It started life a century ago as a private Methodist college. Today, Mount Royal offers undergraduate degrees, diplomas and certificate programs through seven faculties. The school’s strength lies in its emphasis on small class sizes, unique programs and applied learning, all legacies from its college days. “Mount Royal University students experience a true academic community, where teaching is informed by scholarship, learning is inspired, and habits of intellectual curiosity and citizenship are established for a lifetime,” says president David Docherty. The school is known for its comprehensive programs in business, communications, nursing and public relations. It is also home to some unique research centres, including the Institute for Non-proﬁt Studies, the Centre for Child Well-Being, and the Institute for Scholarship of Teaching and Learning, where researchers explore ways to enhance post-secondary education and student experience. The campus is located in the midst of expansive ﬁelds in Calgary’s Lincoln Park area and is just a short drive from the downtown core. Facilities include professional broadcast studios, an aviation simulator and an award-winning eco-building, the Roderick Mah Centre for Continuous Learning. The new Riddell Library and Learning Centre is scheduled to open in the summer of 2017. It will include treadmill desks, soundproof digital project rooms and a 360-degree data visualization studio.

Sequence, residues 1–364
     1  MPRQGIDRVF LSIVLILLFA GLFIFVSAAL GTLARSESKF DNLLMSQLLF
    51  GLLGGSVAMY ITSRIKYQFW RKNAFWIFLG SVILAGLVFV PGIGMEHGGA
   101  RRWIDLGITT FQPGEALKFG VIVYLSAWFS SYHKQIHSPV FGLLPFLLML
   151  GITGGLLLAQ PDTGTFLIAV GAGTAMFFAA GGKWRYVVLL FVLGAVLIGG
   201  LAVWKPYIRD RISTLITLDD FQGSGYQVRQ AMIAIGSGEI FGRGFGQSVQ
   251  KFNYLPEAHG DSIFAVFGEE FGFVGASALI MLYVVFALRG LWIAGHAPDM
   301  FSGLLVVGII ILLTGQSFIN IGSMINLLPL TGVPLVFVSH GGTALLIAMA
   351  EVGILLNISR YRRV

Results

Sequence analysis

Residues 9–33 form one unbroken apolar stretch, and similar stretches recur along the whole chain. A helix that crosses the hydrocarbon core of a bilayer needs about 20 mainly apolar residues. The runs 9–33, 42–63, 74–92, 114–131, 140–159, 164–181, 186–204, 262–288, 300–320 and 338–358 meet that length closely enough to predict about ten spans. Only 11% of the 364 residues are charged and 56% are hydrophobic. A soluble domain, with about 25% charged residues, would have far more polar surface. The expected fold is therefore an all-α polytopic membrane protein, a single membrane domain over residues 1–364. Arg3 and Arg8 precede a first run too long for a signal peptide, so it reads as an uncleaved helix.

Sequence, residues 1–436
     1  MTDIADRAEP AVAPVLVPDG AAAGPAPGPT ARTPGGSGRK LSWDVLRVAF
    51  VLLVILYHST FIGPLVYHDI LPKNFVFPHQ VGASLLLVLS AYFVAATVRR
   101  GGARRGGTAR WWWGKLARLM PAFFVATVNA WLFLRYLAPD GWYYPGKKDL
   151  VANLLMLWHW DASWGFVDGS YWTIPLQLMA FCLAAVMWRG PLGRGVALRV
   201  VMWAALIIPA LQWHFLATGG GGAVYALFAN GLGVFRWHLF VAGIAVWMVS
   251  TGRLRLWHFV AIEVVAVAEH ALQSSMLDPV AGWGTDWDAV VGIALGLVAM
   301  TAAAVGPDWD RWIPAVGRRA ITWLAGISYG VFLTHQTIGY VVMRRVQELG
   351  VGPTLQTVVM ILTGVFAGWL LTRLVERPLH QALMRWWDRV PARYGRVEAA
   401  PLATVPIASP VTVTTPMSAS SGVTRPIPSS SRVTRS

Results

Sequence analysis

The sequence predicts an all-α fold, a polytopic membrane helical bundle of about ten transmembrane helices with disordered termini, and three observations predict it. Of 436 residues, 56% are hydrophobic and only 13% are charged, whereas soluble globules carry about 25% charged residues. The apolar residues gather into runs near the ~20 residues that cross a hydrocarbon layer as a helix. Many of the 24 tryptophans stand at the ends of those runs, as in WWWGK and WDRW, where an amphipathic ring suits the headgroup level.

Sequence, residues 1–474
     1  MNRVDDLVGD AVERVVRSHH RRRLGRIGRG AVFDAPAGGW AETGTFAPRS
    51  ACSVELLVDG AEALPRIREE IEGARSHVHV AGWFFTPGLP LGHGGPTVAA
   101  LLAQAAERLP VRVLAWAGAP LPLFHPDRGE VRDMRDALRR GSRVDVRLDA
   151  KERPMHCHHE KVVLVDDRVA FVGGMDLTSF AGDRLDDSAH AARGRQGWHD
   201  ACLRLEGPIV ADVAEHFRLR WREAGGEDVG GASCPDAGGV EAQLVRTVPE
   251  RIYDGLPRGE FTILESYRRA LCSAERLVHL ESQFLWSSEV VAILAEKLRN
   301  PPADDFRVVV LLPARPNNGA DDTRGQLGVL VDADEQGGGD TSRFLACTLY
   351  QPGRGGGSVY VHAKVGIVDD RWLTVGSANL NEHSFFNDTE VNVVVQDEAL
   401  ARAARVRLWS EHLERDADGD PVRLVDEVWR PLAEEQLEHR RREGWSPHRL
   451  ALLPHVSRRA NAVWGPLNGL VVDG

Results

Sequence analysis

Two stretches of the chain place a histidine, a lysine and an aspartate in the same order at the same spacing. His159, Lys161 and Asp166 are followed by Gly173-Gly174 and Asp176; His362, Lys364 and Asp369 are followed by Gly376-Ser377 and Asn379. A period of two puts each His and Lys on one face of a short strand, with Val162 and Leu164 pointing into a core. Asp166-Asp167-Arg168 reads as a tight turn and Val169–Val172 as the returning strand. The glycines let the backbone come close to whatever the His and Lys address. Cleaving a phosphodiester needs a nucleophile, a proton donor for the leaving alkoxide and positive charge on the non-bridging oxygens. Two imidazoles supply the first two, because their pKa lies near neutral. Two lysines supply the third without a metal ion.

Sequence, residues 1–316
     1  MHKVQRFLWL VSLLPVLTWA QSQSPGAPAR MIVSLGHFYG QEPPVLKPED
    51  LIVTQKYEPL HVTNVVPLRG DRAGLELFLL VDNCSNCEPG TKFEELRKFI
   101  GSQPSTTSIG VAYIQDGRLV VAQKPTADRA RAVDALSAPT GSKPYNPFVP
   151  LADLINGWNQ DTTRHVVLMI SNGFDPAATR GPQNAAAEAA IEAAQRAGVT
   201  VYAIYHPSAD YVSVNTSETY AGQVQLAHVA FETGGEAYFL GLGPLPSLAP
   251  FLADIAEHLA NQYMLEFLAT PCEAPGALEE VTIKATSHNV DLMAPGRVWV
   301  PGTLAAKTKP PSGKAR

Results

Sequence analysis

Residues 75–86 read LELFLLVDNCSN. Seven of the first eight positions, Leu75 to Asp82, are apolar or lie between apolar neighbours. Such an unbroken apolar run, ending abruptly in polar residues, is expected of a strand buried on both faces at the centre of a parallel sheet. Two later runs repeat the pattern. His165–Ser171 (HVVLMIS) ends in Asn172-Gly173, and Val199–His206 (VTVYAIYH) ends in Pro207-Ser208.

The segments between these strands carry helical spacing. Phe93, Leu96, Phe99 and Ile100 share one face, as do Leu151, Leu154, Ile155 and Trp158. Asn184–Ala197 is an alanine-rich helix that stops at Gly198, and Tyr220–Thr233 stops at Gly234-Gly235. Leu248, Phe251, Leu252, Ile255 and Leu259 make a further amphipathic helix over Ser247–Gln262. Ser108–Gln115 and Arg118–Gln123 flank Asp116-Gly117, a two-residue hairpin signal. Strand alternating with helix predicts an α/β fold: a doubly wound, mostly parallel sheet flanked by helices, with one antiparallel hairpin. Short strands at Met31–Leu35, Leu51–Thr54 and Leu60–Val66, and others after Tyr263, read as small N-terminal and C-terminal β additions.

• Interior Design: This bachelor program, with a professor-to-student ratio of 1 to 15, provides a hands-on approach in the design studio; students develop design skills while gaining theoretical knowledge.
• Broadcast Media Studies: Students take advantage of the state-of-the-art video production facilities and online radio station, while learning to write and produce commercials, news, documentaries, podcasts, advertising, corporate video and reality television.
• Health and Physical Education: A bachelor program emphasizing health and wellness; majors include athletic therapy, ecotourism and outdoor leadership, and sport and recreation management.
• Canadian Cultures of Consumption: Students examine questions of consumption and consumerism in Canadian literature and culture. How do Canadians consume today? What are the literary, cultural, artistic, and social impacts of consumerism?
• Mathematics and the Human Experience: This course introduces students to the study of mathematics by examining the discipline’s relationship to our philosophical, historical and intellectual inheritance.
|Minimum entering grades||Tuition||Undergraduate students||Residence spaces|
|1,020 (approx. 612 reserved for first years)|